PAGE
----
Ricotta and Visco is not wasting any time converting 496 Main Street into its new home. The law firm is spending $1.5 million to redevelop the long-underutilized downtown building that sits at the reawakening corner of Main and Mohawk.
The firm purchased the four-story, 11,440 sq. ft. property in March for $385,000 from Kent Keating. When Keating bought the building in 2007 he had plans to renovate the building for commercial and residential uses, but later decided against it.
Dean Sutton Architects is designing the new project which is expected to be ready for occupancy by the end of the year.
"We are attempting to restore the exterior to its original character and the interior will have very unique features like a glass elevator, four story atrium and exposed brick walls," says architect Dean Sutton.
Using historic photos from the Historical Society, Sutton has a guide for the renovation. Many of the "improvements" which have been applied over the years will be removed.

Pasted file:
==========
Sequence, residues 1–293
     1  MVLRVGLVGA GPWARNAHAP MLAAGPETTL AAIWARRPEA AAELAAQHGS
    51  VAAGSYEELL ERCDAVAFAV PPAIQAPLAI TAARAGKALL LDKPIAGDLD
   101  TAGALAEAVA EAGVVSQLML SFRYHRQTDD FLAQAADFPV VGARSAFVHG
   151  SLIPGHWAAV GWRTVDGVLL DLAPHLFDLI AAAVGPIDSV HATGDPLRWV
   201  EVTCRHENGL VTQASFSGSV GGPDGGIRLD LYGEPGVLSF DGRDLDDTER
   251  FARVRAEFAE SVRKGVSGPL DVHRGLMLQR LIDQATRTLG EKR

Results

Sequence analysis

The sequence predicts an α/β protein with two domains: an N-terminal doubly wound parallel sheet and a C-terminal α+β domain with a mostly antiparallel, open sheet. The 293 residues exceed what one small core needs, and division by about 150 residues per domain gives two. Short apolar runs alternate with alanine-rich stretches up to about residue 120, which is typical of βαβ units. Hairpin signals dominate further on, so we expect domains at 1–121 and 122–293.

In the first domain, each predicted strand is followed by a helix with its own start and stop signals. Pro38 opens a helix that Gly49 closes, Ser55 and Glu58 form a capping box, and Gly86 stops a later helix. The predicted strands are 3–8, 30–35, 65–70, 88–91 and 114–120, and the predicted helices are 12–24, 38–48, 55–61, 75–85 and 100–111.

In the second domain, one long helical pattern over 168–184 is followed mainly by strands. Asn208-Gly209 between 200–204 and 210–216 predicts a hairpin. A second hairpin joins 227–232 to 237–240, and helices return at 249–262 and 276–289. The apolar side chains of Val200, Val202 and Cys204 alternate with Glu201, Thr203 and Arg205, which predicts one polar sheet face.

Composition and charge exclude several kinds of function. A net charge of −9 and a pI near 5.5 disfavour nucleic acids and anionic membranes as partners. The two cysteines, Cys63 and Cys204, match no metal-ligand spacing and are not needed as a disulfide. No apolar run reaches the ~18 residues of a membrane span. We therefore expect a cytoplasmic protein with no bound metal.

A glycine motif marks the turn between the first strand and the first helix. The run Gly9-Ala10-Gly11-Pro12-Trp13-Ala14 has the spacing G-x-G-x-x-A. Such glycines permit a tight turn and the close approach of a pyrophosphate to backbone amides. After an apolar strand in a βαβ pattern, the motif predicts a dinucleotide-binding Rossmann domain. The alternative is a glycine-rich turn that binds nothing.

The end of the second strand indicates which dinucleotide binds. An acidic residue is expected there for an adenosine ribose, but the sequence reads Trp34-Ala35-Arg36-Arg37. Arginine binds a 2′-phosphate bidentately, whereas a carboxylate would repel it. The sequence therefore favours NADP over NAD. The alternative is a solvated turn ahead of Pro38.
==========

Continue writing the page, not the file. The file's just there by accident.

496 Main will join several other buildings that have been redeveloped in a two block stretch of Main Street in recent years. Architecture and engineering firm Carmina Wood Morris renovated the six-story building at 487 Main Street several years ago. A café will be opening soon in that building's ground floor.
At the south end of the block, Ellicott Development is converting the former Baker Shoe store into a mix of commercial and residential space. Bryant & Stratton college is expected to anchor the project.
Don Warfe is finishing renovations to 501 Main Street. Brodo will be opening on the ground floor and two residential units are located on the second and third floors.
At 523 Main Street, Roger Trettel has renovated a three-story building along with a connecting building on Washington Street. The Main Washington Exchange, an innovative business incubator, is filling the handsome building.